MAKER OF GRAPHICS CARDS Nvidia has finally launched its long awaited refresh of its Geforce range based on the Fermi architecture.
Despite being somewhat underpowered, the GTX480 will reclaim the crown as the world's fastest GPU, claims the Green Goblin.
The GTX480 and GTX470 finally add DirectX11 support, as well as tessellation, better stereoscopic 3D, improved SLI scaling, interactive ray tracing and physics processing as well as up to 32x anti-aliasing.
The 10.5-inch GTX480 reference card packs 480 shader cores running at 1401MHz into a 700MHz processor with 1536MB GDDR5 memory clocked at 1848MHz. It needs six-pin and eight-pin power connectors to pull the necessary 275W and supports 3-way SLI.
Meanwhile its 9.5-inch younger brother the GTX470 sports 448 shader cores running at 1215MHz in a 607MHz processor and 1280MB of GDDR5 memory clocked at 1674MHz. It needs two six-pin connectors for the 215W of power that it draws.
Despite clearly taking some major strides forward the entire presentation smacked of not-so-subtle desperation.
Comparisons to rival ATI where all done against a Radeon 5870, rather than the, admittedly dual-core, 5970, and even those comparisons with its own previous generation were done against a GTX285 and all were graphs normalised, but starting from 0.6 or 0.8 to visually inflate the performance increases.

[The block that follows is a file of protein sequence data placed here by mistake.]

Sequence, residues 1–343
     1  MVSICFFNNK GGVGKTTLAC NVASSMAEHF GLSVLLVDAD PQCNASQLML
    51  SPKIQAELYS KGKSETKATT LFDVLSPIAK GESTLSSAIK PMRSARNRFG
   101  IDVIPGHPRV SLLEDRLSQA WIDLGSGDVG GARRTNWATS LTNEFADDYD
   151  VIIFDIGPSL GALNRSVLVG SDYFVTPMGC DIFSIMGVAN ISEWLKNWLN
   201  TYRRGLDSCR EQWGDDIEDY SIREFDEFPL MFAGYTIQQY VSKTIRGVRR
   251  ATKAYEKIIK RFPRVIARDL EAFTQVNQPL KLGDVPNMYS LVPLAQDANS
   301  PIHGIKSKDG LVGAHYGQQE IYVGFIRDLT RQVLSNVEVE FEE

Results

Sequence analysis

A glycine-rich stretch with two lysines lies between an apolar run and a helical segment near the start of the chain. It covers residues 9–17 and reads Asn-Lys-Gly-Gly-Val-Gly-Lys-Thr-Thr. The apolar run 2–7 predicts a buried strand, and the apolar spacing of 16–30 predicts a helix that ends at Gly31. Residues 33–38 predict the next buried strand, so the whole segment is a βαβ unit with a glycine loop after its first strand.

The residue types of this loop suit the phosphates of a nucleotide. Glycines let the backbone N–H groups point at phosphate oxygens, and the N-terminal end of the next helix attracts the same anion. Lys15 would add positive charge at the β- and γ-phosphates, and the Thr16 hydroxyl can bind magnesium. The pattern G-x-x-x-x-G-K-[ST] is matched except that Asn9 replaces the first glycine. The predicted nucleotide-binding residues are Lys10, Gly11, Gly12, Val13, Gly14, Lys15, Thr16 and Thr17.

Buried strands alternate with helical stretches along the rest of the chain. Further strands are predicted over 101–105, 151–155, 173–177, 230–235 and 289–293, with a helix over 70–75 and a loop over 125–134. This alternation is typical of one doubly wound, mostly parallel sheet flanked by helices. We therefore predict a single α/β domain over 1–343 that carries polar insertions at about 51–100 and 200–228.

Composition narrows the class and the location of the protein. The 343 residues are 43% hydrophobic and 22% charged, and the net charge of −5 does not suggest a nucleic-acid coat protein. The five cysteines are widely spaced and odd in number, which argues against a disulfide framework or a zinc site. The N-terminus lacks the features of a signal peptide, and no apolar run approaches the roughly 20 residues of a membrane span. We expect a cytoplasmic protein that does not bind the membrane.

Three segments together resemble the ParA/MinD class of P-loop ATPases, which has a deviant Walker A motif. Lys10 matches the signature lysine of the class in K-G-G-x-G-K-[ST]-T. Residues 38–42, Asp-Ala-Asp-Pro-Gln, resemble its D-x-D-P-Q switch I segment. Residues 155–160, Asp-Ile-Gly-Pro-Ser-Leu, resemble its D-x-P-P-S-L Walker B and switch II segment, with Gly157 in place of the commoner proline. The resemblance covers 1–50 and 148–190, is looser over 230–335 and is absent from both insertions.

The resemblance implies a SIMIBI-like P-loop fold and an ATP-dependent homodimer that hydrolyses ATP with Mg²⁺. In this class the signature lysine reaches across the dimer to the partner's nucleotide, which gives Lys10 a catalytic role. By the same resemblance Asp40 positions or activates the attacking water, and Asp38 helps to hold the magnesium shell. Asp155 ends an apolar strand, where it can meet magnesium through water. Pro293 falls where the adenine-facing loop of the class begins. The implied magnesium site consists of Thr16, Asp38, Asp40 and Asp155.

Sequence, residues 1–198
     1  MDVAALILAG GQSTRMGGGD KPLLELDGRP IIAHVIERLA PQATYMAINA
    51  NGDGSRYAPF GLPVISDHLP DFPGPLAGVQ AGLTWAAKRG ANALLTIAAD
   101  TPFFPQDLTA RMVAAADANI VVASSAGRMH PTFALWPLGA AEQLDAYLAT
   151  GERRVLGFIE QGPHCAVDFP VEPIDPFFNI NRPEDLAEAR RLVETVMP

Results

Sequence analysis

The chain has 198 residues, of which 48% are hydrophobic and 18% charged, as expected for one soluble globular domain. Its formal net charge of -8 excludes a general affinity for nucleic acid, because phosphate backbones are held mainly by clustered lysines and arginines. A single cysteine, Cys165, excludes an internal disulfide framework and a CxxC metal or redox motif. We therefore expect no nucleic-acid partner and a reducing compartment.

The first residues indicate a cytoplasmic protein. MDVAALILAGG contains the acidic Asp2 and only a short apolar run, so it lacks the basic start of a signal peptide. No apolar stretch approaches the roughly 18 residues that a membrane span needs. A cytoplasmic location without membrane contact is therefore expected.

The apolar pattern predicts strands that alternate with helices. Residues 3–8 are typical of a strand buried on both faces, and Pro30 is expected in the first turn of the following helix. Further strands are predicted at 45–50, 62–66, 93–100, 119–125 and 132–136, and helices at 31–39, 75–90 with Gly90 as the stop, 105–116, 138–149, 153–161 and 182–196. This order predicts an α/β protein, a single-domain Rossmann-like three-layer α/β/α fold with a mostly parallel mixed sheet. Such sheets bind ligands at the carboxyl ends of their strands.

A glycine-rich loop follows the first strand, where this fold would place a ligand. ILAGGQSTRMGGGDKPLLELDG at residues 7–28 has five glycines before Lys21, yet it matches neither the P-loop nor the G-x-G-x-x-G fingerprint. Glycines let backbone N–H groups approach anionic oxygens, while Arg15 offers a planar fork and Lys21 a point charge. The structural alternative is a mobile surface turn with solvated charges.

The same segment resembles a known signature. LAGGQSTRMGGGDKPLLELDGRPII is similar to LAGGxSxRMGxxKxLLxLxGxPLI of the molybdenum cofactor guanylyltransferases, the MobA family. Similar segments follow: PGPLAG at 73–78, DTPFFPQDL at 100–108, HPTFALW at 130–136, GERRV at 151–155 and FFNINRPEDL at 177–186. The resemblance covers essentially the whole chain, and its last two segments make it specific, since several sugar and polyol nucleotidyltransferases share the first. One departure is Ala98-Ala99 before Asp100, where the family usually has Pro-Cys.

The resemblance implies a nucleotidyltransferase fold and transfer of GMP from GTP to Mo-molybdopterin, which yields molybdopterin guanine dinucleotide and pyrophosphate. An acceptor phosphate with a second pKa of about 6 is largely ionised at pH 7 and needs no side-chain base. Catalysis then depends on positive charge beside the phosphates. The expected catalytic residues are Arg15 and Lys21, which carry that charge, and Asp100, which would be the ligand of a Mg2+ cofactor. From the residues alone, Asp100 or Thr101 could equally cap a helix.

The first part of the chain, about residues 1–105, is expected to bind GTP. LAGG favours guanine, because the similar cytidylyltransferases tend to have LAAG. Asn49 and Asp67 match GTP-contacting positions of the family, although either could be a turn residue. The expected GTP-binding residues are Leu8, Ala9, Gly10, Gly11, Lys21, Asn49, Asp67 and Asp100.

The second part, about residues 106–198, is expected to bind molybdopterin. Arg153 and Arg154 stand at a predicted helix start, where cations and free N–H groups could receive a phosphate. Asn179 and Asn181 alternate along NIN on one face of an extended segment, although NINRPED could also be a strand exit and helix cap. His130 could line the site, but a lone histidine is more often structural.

Similarly, when it came to talking up tessellation, the company opted for comparing models from the newest Pirates of the Caribbean movie to a model of a character from Far Cry 2, that top end cutting edge video game launched just 18 months ago. The Nvidia spokesperson went on to comment on how the character in the game was wearing a hat because rendering hair realistically is so difficult, quite blithely skimming over the fact that the character in the second image was also wearing a headpiece.
That said, thanks to the addition of tessellation, Nvidia reckons that we'll see vastly improved effects for complex things like water and hair as well as better depth of field and similar environmental elements when combined with DirectX11.
The two Fermi chips also support Nvidia's 3D Vision, which basically combines stereoscopic 3D with multimonitor support, allowing for 3D over a trio of monitors providing a total resolution of 5670x1080, provided you have at least two such cards in your PC.
There is no doubt that Nvidia has upped its game considerably with this launch, but whether these GPUs are all they're cracked up to be or, more importantly to most consumers, whether they are worth the price tag remains to be seen.
Nvidia's partners' latest Geforce cards will be in the hands of reviewers and the rest of the world very soon, so it won't be long until we see if they back up Nvidia's claims that it has indeed taken back the fastest GPU crown.
The Nvidia Geforce GTX480 and GTX470 graphics cards will retail for about £429 and £299 respectively in the UK and around $499 and $349 or €479 and €349 in the US and Europe. µ